Tonight Bishop waits in the glowing red shadows outside Alicia’s office building instead of outside Kalinda’s apartment.  Only a flick of muscle in her cheek betrays her alarm; instead, she walks right toward him. “Mrs. Florrick,” he says, pushing off from his car. “Mr. Bishop,” she greets him, “Hi. Is everything all right?”  It is, he beams, cordial and upbeat. “I decided to take your advice and hire another firm”  She smiles her relief. “Good,” she agrees. “I think that would be for the best.”  Ah, but he’s not done. “I’m also saying you fired me as a client,” he grins.  Uh oh.  Danger danger danger, Alicia! “And I am very upset.”

This of course worries her and confuses her. “You don’t need to do that, Mr. Bishop,” she shakes her head.  Oh, he knows. “But it’s good for you.”  As she chews on this, he fishes something out of his pocket, and holds it out for her – a political button with a white A on a scarlet background: Alicia — State’s Attorney.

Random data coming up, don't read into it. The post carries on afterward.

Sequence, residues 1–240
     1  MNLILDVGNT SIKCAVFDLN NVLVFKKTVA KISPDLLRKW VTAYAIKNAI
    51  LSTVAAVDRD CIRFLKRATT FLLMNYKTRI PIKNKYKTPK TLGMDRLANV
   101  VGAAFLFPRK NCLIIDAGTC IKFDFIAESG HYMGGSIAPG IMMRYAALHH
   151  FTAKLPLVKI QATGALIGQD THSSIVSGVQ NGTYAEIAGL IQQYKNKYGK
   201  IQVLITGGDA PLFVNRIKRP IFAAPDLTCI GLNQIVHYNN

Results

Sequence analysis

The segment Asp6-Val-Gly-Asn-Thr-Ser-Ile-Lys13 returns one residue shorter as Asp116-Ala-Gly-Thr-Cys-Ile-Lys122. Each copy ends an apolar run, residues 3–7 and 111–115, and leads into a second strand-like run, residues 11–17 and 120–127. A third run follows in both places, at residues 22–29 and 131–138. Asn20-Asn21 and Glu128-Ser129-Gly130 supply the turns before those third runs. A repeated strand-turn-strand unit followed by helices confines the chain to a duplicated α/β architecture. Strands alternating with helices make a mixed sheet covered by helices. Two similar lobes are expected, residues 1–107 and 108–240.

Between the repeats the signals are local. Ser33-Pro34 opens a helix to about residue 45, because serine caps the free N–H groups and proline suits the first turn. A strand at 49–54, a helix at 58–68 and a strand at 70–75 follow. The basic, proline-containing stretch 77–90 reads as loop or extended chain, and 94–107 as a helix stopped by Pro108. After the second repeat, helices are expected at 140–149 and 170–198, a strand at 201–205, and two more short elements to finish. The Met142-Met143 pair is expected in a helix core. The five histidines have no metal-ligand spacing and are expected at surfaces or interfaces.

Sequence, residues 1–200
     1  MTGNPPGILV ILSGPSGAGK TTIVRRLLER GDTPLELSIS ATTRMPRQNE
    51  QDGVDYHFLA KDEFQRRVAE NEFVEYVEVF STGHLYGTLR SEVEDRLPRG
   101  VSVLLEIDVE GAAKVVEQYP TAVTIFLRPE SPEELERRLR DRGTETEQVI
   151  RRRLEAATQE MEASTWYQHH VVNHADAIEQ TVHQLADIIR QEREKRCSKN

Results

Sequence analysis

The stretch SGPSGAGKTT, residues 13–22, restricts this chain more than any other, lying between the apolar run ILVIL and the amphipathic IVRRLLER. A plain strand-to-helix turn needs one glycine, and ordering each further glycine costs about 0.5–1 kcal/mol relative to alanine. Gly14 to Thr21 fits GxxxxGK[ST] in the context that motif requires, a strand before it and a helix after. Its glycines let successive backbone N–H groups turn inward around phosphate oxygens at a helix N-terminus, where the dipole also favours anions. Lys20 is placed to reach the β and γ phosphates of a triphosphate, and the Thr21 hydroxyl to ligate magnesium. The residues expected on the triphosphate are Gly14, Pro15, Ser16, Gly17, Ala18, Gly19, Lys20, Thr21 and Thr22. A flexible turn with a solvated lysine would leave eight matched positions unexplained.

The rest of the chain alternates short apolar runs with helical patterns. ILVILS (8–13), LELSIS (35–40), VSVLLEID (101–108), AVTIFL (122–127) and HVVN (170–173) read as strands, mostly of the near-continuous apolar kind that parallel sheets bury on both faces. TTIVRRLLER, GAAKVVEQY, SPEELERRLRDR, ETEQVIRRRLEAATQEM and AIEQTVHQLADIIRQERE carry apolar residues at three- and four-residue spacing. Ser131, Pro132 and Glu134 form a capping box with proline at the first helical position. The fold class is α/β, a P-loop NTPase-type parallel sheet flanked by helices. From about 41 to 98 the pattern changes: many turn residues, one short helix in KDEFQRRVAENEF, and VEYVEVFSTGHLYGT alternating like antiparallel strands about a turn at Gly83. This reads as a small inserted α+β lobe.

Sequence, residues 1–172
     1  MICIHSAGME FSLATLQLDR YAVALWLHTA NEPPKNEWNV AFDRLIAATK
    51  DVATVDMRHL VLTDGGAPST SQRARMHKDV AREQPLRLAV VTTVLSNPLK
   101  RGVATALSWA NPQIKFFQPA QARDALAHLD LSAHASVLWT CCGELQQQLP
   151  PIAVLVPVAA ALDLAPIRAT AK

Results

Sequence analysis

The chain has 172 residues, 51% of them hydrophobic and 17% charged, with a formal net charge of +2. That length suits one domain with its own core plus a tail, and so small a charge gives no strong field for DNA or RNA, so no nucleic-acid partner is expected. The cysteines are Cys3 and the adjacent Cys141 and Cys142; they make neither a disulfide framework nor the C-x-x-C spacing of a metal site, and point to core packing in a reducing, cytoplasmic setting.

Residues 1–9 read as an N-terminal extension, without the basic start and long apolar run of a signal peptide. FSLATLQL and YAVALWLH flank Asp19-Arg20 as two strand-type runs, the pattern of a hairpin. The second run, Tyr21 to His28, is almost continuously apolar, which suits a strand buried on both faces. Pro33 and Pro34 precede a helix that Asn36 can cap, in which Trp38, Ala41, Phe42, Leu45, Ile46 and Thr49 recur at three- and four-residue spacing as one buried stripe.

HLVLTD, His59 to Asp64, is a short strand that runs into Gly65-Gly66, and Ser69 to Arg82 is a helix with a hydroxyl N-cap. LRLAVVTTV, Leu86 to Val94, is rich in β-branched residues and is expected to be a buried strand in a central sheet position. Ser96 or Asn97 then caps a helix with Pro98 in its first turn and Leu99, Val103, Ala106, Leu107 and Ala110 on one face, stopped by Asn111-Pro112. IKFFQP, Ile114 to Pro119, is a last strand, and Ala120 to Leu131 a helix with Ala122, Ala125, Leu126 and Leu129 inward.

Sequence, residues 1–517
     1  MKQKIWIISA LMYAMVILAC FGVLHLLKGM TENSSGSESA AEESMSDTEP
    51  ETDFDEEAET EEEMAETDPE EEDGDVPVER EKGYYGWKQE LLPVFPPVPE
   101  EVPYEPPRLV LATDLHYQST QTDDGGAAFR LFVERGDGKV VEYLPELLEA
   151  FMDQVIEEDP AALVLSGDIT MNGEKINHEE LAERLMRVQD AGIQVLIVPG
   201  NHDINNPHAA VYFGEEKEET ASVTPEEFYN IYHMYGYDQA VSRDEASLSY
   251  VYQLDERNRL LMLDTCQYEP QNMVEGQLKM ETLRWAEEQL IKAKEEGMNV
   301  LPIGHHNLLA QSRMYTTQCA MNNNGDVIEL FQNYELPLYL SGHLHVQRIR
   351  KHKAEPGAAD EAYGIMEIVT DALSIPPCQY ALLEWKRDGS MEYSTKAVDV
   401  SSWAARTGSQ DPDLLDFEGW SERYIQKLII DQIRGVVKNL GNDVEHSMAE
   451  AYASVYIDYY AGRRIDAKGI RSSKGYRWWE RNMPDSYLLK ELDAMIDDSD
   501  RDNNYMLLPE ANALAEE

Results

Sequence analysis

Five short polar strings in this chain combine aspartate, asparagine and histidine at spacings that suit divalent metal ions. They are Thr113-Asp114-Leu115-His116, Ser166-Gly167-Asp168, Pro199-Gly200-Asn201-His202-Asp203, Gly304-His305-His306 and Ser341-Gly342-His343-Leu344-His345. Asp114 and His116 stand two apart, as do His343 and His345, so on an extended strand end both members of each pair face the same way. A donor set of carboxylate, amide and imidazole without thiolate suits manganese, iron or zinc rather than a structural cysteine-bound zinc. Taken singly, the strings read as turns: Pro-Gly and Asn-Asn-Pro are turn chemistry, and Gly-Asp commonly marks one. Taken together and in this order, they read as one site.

Oh. My. God.  Am I the only who screamed when they saw that?

“We can’t coordinate,” he adds, “but you can get to me through my associate.”

Oh. My. God.  “Get to you, um, about what?” she shakes her head to clear it. “Your PAC,” he smiles, and then corrects himself. “I mean, the PAC I set up in support of you.”  Oh my goodness. Oh holy guacamole. Oh crap. “$140,000 and counting.”  You can see the glorious vision of popular acclaim, of a grass roots groundswell, leeching from her eyes; instead, here’s a drug kingpin looking to install her as a puppet to dance to his strings. Talk about skeletons in your closet… “That’s…” she starts, not knowing where to go. “The least I can do,” he beams. “There’s more money where that came from.” Of course there is.  “We’ll be in touch,” he nods, stepping into his car.

OH MY GOD.  Oh my God, what is she thinking?